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PETER DEFAZIO
U.S. REPRESENTATIVE · 4TH CONGRESSIONAL DISTRICT · OREGON
R E P O R T S

Real Solutions to Bring Down Gas Prices

With the summer vacation season in full swing, high gas prices continue to be a top concern for Oregonians.
Oil companies have reaped record profits from these high prices. Last year, Exxon Mobil reported the highest corporate
profi ts in history—more than $100 million dollars a day. The company paid its CEO a $400 million retirement package.
It's clear that oil companies, the OPEC cartel, and fi nancial speculators are fi xing prices, manipulating the market, and gouging customers at will. Congress has taken few steps to combat this problem. We must do more to bring relief to American consumers. In May, Congress passed legislation to ban price gouging, increase penalties, and permit states to bring lawsuits against wholesalers or retailers for price gouging. In addition, I propose to:

- Regulate oil trading like other commodities. Seventy-fi ve percent of the oil supply is traded off the books. Commodity experts say regulating these markets could lower prices by 25 percent. That would mean regular unleaded at $2.25 a gallon instead of $3.00.

- Impose a windfall profi ts tax on oil producers and refi ners, except on excess profi ts that are invested in expanding refi nery capacity or producing new resources.

- Break up the OPEC cartel by mandating the president fi le a restraint of trade action through the World Trade Organization.

- Impose a merger moratorium and take anti-trust action to foster competition in the oil industry.

We also need long-term solutions. I support H.R. 4409 and other legislation to put us on a path to sustainable energy independence. H.R. 4409 would require a reduction in U.S. oil consumption by 2.5 million barrels a day within 10 years. This would be accomplished by expanding federal research into alternative fuels, providing incentives for American automakers to speed commercialization of more effi cient and alternative fuel vehicles, providing farmers with support to grow crops for use as
fuel, increasing support for public transit, increasing the number of fl exible fuel vehicles on the road, and increasing tax incentives for consumers who purchase fuel-effi cient vehicles.

A Good Start For County and School Payments Funding

Reauthorizing the Secure Rural Schools and Community Self-Determination Act is a high legislative priority this year. The program is just six years old, but the relationship it honors extends back nearly a century. When federal forest lands were fi rst established, the federal government committed to sharing timber revenue with counties as compensation for not developing the land. Societal demands on our national forests have changed over time, particularly since the late 1980s, causing a drastic decline in the amount of funding counties receive.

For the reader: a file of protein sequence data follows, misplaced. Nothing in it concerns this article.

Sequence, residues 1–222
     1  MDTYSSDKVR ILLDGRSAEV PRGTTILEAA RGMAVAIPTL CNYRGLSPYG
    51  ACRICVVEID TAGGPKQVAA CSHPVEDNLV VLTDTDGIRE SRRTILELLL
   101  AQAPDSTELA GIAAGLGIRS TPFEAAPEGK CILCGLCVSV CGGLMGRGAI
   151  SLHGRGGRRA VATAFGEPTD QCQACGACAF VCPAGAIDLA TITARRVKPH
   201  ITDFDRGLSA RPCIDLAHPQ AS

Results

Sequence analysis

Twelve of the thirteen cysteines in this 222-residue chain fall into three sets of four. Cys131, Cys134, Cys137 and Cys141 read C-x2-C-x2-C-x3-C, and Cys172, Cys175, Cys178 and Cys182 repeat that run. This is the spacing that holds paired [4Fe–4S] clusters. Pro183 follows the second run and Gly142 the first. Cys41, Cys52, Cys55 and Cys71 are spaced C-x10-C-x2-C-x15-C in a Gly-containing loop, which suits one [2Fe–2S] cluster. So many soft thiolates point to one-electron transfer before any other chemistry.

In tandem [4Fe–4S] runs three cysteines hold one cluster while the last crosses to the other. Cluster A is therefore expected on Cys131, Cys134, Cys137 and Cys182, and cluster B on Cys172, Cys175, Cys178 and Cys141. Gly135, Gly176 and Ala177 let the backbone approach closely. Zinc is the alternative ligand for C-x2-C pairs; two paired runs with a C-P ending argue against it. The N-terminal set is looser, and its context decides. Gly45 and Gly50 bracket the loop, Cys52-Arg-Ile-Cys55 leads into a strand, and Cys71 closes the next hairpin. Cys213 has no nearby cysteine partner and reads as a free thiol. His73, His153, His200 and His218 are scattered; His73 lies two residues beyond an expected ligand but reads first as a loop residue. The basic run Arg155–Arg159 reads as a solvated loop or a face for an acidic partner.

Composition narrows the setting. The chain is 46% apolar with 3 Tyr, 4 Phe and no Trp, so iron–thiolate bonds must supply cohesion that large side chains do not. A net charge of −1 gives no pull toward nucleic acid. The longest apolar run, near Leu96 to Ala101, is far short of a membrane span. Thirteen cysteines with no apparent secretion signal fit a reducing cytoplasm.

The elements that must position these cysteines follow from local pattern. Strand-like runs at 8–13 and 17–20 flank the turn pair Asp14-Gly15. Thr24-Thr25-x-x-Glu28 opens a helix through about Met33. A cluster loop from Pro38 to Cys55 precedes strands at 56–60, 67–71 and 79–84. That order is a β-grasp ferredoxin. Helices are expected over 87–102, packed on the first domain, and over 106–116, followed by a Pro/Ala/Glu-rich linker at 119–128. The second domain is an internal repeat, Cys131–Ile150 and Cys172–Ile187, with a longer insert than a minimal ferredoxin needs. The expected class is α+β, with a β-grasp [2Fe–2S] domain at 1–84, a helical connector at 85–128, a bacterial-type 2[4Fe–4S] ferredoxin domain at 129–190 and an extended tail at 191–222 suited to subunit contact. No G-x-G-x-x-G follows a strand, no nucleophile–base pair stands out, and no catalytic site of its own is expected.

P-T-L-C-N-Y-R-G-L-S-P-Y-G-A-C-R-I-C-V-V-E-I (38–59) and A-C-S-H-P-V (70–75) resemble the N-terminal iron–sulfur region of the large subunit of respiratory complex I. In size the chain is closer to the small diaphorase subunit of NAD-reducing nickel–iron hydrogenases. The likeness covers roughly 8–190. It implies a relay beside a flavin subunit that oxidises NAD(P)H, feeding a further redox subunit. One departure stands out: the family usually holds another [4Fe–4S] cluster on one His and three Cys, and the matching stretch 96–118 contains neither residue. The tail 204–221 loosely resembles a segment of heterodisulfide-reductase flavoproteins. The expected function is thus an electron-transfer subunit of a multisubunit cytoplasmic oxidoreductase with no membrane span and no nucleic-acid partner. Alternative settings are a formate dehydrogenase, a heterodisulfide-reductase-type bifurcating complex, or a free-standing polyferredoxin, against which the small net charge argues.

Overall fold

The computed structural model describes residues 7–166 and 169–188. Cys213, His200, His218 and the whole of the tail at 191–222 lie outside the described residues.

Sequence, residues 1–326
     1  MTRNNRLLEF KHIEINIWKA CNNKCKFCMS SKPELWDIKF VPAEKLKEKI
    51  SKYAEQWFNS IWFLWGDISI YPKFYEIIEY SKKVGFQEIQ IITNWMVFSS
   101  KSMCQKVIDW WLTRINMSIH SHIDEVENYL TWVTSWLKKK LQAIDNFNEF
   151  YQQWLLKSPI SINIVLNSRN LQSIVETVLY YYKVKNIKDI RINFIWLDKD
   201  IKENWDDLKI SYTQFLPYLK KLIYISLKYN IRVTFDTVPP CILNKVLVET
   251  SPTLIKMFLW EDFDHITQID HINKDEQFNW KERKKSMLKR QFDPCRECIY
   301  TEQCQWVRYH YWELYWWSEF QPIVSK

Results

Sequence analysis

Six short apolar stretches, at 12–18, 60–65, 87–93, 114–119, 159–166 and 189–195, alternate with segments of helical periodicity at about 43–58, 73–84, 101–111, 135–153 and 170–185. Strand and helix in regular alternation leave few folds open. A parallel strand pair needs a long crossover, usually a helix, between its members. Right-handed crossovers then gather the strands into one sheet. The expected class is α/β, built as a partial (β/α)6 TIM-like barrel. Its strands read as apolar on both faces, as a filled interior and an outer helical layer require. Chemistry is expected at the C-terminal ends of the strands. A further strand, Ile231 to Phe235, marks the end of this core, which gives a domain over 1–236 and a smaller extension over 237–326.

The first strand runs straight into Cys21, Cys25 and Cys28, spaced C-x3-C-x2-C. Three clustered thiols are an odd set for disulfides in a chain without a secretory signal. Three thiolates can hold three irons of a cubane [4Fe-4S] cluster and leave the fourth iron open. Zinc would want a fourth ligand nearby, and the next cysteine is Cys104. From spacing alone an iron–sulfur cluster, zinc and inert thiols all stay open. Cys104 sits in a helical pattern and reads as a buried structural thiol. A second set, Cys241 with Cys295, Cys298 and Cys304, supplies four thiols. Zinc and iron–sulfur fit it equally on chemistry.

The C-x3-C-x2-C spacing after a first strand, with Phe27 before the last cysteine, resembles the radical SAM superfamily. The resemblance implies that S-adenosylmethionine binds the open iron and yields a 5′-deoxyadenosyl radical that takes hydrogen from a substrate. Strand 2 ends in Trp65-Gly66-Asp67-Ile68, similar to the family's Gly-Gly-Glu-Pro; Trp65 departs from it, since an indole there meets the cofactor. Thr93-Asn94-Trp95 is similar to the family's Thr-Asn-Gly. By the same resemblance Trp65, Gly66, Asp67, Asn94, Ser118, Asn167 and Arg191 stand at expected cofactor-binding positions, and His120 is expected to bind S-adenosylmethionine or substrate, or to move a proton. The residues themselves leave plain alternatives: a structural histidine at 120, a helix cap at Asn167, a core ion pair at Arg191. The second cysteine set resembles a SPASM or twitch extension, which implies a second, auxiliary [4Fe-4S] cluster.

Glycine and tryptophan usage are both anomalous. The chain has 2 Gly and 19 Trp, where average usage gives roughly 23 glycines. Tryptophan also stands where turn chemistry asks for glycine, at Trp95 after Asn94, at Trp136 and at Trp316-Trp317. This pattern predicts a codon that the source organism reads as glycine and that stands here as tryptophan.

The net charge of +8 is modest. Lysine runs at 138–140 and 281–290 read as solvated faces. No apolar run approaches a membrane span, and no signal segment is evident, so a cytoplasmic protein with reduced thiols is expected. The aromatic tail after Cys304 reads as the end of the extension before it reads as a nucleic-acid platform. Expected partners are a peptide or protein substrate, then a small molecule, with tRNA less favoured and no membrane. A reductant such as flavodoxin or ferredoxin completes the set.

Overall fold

In 2000, Congress passed "county payments" legislation to stabilize these payments to forested counties. Southwest Oregon receives more than $150 million annually. The payments make up about half of Lane and Douglas counties' revenue. It is essential that this program be extended to ensure funding for rural schools, road maintenance, search and rescue, and other
government services.

Chairman Greg Walden and I recently got partial funding for the program, and we continue to work to identify additional revenue sources. It would be unconscionable for Congress to break its century-old obligation to support rural schools and counties.

Memo
Your Pay v. CEO Pay

The average CEO makes 279 times what the average worker makes—up from 185 times in just two years. The compensation paid to the top fi ve executives of U.S. public companies represents 10.3 percent of the entire company's profi ts.
Republicans in Congress are doing their part to widen that gap, pushing through more tax cuts for the rich while denying a vote to raise the minimum wage, stalling legislation to protect pensions and pushing more "free" trade agreements.

We need to get back to sensible tax policies, where everyone pays their fair share, including the rich. We should raise the federal minimum wage, so working families can live above the poverty line, protect pensions, and adopt fair trade policies.

BREAK IN TRANSCRIPT

To: Oregonians in the 4th Congressional District
From: Peter DeFazio

The president and leaders in Congress say the country is heading in the right direction, and that we should stay the course. I disagree. Things are not going well in Iraq, where our troops are stuck in the middle of civil war. We've cut funding for vital services like education, health care and veterans' services in order to keep cutting taxes for millionaires.